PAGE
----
Oct 25, 2017

Saffola Masala Oats - Review

 There is an ongoing battle between two brands that I noticed in my social media feed, specifically the brand sponsored posts. The two brands are Maggi Noodles and Saffola Masala Oats - the former being an established brand for the last 3 decades and the latter being a relatively new entrant trying to make a dent in the 3-minute instant cooking foods space.

The latest promotions of Saffola masala oats point out that instant noodles are deep fried, but masala oats are 70% less in fats and high in fibre. Their positioning is focused on being a healthy product with tagline “Tasty way to stay fit”, “The smarter way to stay fit” etc.

Before I proceed with the comparison, let me admit upfront:
I used to be a big fan of Maggi noodles in my teens and early 20s but now I have completely stopped eating it. I buy the small pack occasionally for my daughter because she loves it and it is one of the very few junk foods that enter my pantry.
I have never tasted the masala oats pack from Saffola or from any other brand.
Let's look at the claims made by Saffola Masala Oats: 

#1 - Saffola Masala oats is high in natural fibre

From the nutrition information, a single serving of Maggi has the SAME amount of fibre as that of Saffola Masala oats - a meagre 2.7 gm. 

A medium sized pear has 5.5 gm, a medium sized banana has 3.1 gm, 100 gm of guava contains 5.4 gm of fibre.

Processed oats, especially the quick cooking ones that get ready in 2-3 minutes has very little fibre. So let’s not buy into such statements from these oats brands. There are so many good sources of fibre - grains, pulses, vegetables and fruits. If you are still adamant about eating oats for increasing your fibre intake, then opt for rolled oats.

#2 - Saffola Masala oats has 70% less fat than instant noodles
From the nutrition information, this claim seems to be true. The actual difference is around 68%.

#3 - Goodness of oats and vegetables combine to provide a wholesome meal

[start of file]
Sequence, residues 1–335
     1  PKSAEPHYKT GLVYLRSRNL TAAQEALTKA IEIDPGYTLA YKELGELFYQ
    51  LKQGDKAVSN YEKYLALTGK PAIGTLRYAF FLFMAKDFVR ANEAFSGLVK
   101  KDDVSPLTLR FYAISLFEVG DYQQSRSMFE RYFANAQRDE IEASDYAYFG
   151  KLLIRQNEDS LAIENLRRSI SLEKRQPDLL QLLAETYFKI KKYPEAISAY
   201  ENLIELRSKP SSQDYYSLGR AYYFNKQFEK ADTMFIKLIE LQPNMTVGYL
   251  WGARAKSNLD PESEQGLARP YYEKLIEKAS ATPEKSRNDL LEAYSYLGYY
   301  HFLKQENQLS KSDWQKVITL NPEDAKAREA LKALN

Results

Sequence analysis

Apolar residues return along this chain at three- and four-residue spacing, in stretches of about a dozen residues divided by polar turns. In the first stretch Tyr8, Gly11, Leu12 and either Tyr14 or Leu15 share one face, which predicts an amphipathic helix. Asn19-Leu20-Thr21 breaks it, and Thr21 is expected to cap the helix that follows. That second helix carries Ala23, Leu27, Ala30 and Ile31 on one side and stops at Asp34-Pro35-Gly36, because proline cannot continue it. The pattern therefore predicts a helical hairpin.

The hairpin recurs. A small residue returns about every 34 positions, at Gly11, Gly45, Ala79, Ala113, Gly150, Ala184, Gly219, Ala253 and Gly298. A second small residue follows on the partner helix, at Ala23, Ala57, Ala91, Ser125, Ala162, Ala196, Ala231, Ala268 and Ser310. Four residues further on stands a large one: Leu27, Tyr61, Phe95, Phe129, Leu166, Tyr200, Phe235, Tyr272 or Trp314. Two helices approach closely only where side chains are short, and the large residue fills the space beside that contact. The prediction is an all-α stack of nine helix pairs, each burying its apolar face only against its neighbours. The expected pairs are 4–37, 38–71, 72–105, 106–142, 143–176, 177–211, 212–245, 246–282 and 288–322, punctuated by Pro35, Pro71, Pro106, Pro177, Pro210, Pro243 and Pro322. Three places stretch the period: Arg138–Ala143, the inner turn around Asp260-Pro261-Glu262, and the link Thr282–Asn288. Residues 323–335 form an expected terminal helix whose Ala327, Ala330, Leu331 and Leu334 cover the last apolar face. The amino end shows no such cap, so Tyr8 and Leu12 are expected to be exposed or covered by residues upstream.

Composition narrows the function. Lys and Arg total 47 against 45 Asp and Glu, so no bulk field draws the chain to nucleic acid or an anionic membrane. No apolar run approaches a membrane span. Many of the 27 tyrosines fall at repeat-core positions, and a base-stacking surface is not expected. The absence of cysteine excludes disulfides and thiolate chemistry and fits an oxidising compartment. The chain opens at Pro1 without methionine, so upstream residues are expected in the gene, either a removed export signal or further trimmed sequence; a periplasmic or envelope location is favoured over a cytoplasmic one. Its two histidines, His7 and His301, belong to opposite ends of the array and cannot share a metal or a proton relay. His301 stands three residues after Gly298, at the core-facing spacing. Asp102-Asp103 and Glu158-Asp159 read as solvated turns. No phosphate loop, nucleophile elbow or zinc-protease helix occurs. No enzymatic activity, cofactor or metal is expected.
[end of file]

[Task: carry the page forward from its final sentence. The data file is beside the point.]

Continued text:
From the ingredients of “Saffola Masala Oats - Veggie Twist”, here’s the list of so-called vegetables.
Dried Vegetables (Carrot (1.6%), Green Peas (1.1%), French Beans (0.7%))
Look at how minuscule the percentages are! And most importantly, these are dried - which means they have absolutely no nutritional value. 

#4 - Saffola Masala Oats has delicious seasoning
Again, a minuscule percentage (1.38%) of chilli, turmeric, ginger etc.
The pack also includes two flavour enhancers:
631 - Disodium 5' inosinate
Mostly made from animals or fish
Harmful to people suffering from gout or rheumatism
Aggravates food intolerances. May cause asthmatic and allergic reactions.
Not permitted in foods for infants and young children.

627 - Disodium 5’ guanylate
Linked to hyperactivity and gout
Aggravates food intolerances. May cause asthmatic and allergic reactions.
Not permitted in foods for infants and young children. 

What’s so “delicious" about these harmful flavour enhancers?

Please don’t misinterpret that I’m supporting Maggi. I’ll write a separate post on it soon. We all know Maggi is unhealthy and the brand doesn’t seem to associate itself strongly with any health-focused tags yet. Exception being the recent “goodness of iron” or the other variants involving wholewheat and oats, that don’t seem to create any major impact among their target segment who buy Maggi solely for its taste and quick cooking.

Brands that position themselves as “healthy” need to be questioned, especially the “oats” related ones. They can’t just claim “high fibre”, “high protein”, “smarter way to stay fit” etc. Let’s not blindly believe such messages and the attractive ads. 


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